Joan holds her nose in the air as she passes near a mountain of trash in front of the Yaounde Teaching Hospital. She tries not to gag as she passes by the hospital, where the sick and dying are exposed to the flies and the rats that feast on the garbage. She wonders how long it would be before a plague swept through the city, wiping out everyone in its path.
“How can a country’s capital look this way?” Joan wonders, as she hastens her steps past the stench of the garbage.
“The city is drowning in its own filth,” Joan tells Timescape Magazine.
“Everywhere you go, you are faced with mountains of trash, rotting and stinking.”
Even the so-called residential neighborhoods, “Bastos, Kuwait City, BEAC complex…”, have not been spared this new decor which brings to memory that of the 1990s. When at the height of the economic crisis, the Cameroonian government was no longer able to honor its commitments to its partners, the company in charge of household waste collection closed its doors, leaving Cameroonian cities in stench.
Hushed voices of protest can be heard on the streets, and in taxes. “What can we do? We are not the government,” says Taxi driver, Oliver Ngoran.
But a mysterious message has appeared on the walls of a local bar at Melen in the heart of Yaounde. The message, written in large letters with paint made from garbage, reads: “The city is a dump, and so are you.”
The message is believed to be in protest to the government’s failure to pay HYSACAM, the company responsible for waste management in the city. As a result, the city has been overwhelmed by piles of trash, posing a serious health and environmental risk. The situation has been described as a “state of emergency” by local authorities, who fear the outbreak of diseases such as cholera, typhoid, and malaria.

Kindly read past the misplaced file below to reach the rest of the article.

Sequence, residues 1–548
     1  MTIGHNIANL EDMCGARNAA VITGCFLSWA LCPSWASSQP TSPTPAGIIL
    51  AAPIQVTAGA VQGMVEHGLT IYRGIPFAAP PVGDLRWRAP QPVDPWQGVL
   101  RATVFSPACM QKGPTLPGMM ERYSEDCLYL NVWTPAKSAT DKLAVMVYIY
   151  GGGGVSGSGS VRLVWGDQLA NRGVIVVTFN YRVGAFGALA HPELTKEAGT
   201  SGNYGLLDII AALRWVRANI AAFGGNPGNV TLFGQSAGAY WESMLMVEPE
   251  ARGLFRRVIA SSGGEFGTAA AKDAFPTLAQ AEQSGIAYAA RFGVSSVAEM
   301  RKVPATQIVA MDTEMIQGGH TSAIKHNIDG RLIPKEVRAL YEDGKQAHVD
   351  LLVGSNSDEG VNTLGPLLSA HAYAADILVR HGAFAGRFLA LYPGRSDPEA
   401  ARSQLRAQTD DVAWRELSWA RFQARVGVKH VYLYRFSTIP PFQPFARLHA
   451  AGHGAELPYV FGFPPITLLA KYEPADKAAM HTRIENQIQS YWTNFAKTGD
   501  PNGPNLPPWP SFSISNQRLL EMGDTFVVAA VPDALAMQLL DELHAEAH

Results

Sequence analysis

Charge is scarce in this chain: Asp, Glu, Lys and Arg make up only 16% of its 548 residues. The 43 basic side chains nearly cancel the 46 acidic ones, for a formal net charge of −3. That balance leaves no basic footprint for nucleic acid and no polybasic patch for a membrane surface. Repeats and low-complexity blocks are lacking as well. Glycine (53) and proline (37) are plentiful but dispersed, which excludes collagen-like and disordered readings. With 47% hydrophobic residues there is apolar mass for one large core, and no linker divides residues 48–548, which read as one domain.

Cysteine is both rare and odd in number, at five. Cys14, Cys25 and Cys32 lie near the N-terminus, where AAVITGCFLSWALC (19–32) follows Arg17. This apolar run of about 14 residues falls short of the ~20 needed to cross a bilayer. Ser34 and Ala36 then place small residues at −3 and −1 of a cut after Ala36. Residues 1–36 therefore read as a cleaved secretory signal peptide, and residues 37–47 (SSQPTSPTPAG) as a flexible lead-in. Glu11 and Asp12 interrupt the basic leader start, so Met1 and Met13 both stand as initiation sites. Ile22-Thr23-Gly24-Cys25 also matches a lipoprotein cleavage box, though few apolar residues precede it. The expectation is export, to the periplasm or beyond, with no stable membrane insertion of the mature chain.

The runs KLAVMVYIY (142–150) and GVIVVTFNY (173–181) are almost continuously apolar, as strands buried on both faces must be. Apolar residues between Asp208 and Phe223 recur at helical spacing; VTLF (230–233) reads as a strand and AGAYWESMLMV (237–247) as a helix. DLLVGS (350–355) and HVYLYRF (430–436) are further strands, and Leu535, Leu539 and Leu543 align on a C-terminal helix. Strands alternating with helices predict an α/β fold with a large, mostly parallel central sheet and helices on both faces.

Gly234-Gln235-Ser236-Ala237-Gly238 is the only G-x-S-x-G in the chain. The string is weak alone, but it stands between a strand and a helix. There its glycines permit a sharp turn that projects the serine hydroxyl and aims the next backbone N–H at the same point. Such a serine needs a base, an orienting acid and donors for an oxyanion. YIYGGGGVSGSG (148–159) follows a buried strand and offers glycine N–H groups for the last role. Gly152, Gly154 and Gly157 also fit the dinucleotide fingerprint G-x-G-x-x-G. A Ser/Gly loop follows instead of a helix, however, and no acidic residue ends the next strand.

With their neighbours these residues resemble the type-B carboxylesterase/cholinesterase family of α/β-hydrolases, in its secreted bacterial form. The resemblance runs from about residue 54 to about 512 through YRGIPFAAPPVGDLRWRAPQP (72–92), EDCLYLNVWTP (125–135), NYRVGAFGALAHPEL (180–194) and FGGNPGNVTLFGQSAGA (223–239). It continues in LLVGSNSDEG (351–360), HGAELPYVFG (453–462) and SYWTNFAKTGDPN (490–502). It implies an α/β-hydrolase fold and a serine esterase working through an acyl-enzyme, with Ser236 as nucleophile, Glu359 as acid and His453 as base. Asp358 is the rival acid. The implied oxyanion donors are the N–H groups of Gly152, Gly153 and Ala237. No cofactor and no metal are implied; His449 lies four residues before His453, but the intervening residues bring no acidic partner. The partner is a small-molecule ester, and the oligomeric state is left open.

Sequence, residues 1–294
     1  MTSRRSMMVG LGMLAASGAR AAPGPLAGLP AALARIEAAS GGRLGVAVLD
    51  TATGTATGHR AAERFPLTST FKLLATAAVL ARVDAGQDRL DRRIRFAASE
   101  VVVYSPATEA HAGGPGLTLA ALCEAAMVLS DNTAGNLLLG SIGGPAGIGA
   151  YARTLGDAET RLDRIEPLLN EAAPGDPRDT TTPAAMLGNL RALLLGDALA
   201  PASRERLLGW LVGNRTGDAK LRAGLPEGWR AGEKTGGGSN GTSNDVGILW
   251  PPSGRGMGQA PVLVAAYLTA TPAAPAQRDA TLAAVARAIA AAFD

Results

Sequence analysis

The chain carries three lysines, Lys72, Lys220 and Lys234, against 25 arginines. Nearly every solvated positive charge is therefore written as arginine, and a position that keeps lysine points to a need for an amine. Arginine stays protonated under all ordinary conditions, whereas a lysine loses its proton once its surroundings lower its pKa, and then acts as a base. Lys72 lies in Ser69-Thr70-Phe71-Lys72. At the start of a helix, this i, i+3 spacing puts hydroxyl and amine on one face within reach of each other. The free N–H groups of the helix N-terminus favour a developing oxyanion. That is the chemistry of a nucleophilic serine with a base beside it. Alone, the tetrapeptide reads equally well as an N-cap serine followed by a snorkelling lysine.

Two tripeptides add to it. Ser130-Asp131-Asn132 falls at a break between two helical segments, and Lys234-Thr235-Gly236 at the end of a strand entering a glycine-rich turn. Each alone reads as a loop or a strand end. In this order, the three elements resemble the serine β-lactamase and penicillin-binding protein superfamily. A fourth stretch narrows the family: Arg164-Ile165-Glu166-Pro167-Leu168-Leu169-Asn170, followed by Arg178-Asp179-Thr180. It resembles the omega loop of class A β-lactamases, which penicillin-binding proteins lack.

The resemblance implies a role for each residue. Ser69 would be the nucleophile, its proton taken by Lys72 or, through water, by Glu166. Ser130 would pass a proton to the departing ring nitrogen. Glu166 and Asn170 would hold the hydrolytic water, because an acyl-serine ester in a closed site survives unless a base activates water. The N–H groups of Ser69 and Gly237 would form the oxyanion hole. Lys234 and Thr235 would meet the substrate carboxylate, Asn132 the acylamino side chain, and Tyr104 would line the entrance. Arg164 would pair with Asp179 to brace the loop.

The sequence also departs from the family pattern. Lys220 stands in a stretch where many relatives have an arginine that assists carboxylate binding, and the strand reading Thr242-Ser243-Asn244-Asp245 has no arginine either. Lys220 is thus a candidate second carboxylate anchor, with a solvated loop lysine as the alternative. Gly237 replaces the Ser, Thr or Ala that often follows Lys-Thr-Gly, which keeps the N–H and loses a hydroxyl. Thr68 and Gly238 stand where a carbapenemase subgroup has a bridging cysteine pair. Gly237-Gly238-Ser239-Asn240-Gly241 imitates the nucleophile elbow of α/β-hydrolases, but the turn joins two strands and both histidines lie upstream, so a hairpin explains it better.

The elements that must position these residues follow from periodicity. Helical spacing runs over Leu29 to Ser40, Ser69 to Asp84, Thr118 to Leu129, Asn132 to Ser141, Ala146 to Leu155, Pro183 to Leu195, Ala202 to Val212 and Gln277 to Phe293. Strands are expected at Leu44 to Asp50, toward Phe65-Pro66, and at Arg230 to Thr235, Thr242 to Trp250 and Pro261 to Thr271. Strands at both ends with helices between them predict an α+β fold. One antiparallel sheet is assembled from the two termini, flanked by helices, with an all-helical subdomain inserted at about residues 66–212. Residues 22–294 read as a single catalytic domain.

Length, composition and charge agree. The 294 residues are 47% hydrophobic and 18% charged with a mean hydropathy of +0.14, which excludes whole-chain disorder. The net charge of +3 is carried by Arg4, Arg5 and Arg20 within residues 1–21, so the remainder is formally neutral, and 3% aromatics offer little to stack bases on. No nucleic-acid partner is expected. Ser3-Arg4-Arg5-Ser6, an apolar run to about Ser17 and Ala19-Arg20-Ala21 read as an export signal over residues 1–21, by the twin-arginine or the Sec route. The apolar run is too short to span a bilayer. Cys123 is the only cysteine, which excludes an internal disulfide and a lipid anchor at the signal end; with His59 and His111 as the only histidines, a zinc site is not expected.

The identity and motive of the person or group behind the message are unknown, but some speculate that it may be a former employee of HYSACAM, who lost their job and livelihood due to the government’s negligence. Others suggest that it may be a political activist, who wants to expose the corruption and incompetence of the ruling party. The message has sparked mixed reactions among the public, with some applauding it as a bold and creative act of resistance, and others condemning it as a disrespectful and destructive act of vandalism.
“We need more of such voices of resistance,” Eric Toa told Timescape Magazine. But I think those voices should be made louder,” he added.
In response to this, the government has launched a short-term Special Health Emergency Plan to give the Cameroon capital a better look.
“The aim is to eliminate all the piles of rubbish in the city of Yaounde, and to maintain a minimum of acceptable cleanliness,” said Charles Mvondo Onana, Administrative and Financial Director of Thychlof Sarl, one of the structures involved in the urban sanitation operation.
The modus operandi is to intensify and improve conventional garbage collection throughout Yaounde. By the end of the operation, over 7,000 tons of waste are expected to have been collected.